Binary search is an algorithm used to find the position of an item in a sorted array.

Given array `arr` and target `T`, we divide and conquer to search for the index of a target value by iteratively applying the following operations (L and R are the lower and upper bounds of the search space, inclusive):

1. Find the `midpoint` of the subarray `arr.slice(L, R)`
• On the first run of the algorithm, `L=0` and `R=arr.length-1`
• On subsequent runs, we use previous values of L and R as the search space narrows
• Midpoint will be `Math.min((L+R)/2)`
2. Compare `arr[midpoint]` to `T`.
3. If `arr[midpoint]===T` we found the index. Return the index `midpoint`.
4. Else, `T` is either to the “right” (greater than) or the “left” (less than) of the current `midpoint`.
• Since we assume the array is sorted, we can determine which half `T` lies in.
• If `arr[midpoint]>T`, then `T` lies in the lower half
• Else, `T` lies in the upper half.
5. We adjust the search space accordingly.
• If `arr[midpoint]>T`
• the new upper index is `midpoint-1`
• re-use the current iteration’s lower index
• If `arr[midpoint]<T`
• the new lower index is `midpoint+1`
• re-use the current iteration’s upper index

Each loop, check iteration quit conditions:

• If L > R, the item does not exist in the array
• If loop count is equal to the number of elements in the array, the item does not exist in the array (or the input is not sorted)

Before running the loop, we also exclude a few cases in which we cannot reasonably run the search.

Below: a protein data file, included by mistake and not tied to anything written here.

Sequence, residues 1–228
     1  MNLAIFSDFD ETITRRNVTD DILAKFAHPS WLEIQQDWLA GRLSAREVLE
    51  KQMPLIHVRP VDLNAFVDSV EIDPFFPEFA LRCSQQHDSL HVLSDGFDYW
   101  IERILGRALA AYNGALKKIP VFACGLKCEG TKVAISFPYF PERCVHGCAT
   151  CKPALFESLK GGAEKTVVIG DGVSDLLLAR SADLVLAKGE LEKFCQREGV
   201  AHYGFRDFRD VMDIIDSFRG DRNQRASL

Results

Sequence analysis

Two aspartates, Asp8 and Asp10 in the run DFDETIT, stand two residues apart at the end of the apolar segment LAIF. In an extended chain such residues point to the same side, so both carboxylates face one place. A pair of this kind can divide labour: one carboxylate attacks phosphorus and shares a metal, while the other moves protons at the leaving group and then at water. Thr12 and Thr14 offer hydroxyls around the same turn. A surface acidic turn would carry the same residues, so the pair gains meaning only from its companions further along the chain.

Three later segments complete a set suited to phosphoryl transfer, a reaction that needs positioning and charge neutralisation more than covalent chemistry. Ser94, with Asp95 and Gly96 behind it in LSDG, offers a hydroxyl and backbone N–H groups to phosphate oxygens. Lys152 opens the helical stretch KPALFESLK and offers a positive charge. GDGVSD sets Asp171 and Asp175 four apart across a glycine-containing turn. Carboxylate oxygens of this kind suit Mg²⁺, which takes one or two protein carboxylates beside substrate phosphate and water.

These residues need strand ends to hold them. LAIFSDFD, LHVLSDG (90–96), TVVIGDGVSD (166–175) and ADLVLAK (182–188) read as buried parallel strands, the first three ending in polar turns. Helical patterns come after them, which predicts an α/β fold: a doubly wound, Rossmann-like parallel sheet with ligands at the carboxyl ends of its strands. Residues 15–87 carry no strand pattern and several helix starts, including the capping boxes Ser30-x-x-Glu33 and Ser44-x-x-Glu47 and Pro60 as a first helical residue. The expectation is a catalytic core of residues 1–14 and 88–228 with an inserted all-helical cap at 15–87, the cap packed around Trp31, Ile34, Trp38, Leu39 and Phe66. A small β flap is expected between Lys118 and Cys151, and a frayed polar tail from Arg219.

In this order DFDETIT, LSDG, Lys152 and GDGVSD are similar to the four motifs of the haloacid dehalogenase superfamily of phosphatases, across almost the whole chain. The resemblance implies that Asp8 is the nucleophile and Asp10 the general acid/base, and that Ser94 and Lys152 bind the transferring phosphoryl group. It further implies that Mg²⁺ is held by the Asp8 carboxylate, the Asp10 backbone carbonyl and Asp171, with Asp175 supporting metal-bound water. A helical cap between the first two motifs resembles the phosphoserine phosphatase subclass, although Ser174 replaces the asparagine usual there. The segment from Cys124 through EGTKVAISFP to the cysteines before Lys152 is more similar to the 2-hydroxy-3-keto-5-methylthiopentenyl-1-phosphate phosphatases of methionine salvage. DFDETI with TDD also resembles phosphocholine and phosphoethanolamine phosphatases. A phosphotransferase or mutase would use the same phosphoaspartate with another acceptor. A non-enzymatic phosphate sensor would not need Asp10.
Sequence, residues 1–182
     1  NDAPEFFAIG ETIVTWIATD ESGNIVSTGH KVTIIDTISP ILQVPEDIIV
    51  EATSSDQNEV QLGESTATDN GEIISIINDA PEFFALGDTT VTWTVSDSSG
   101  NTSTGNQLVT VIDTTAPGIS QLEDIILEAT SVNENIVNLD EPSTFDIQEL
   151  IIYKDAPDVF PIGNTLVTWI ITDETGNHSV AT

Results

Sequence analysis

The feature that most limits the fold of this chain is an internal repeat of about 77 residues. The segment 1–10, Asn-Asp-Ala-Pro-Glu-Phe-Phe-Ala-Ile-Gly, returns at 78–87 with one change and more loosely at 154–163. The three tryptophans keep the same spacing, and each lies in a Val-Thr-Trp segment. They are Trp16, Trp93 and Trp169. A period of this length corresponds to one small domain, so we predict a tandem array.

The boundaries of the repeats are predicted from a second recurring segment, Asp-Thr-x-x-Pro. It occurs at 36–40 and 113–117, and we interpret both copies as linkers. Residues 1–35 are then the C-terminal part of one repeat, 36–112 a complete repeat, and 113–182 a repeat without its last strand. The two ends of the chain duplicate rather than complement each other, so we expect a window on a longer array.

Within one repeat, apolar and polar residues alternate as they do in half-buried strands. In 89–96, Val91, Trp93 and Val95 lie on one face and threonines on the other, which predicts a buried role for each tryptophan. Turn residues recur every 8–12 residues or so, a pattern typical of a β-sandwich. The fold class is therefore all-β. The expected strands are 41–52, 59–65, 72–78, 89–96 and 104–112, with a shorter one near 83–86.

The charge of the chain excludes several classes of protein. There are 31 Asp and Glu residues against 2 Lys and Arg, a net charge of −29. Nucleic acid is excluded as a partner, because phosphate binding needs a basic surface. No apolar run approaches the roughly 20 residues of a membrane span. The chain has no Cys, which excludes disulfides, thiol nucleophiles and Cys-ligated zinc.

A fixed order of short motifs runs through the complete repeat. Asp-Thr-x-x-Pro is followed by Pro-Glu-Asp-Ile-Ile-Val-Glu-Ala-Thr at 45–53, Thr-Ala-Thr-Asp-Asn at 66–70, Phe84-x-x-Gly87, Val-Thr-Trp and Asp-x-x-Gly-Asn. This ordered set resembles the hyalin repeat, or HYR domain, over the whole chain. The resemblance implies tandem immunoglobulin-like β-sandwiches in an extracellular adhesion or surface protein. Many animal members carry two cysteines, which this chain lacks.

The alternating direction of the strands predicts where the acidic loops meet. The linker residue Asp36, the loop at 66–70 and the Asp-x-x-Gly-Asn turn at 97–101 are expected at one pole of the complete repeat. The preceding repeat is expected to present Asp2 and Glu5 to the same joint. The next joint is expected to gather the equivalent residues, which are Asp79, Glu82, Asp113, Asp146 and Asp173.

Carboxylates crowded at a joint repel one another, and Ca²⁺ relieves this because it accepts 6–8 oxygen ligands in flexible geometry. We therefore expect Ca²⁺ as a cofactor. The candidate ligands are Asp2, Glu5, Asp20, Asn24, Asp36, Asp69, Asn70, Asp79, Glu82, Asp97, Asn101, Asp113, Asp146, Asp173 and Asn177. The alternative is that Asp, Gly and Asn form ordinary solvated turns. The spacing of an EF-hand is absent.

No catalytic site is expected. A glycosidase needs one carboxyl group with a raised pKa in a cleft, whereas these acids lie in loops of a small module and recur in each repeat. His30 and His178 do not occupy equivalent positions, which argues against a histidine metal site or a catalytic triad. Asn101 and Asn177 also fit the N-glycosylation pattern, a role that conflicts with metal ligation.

• If an array or target is not supplied, or if the array length is <=1
• If the `typeof target` does not equal the `typeof arr`
• (we already checked that `arr` exists so we know `arr` is accessible)
• If the `typeof arr` is not an array

# aaaand a test runner!

We can also write a simple test runner to check the algorithm’s output.

A test runner is basically code that runs code and tells you what happened when it ran. Usually we have expectations about what code will do when it is given certain inputs, so you can supply the runner with these expectations, or expected results. The runner will run the code you provide with these inputs, compare them to the expected results, and then give you a list of code that passed (met the expected result) or failed (did not meet the expected result).

This test runner is simple: we hard-code in the function call, and for each test, we use `.apply()` to apply the arguments array to the function.

We record the function outputs and compare them to the expected results for each test.

Then, we’ll write a simple function to list out the description for each test, expected and actual results, and a pass or fail formatting based on whether the tests matched or failed to match expectations.

Click the `result` tab on the codepen below to see it in action.

# codepen

See the Pen Binary Search with Test Runner by Thomas (@thmsdnnr) on CodePen.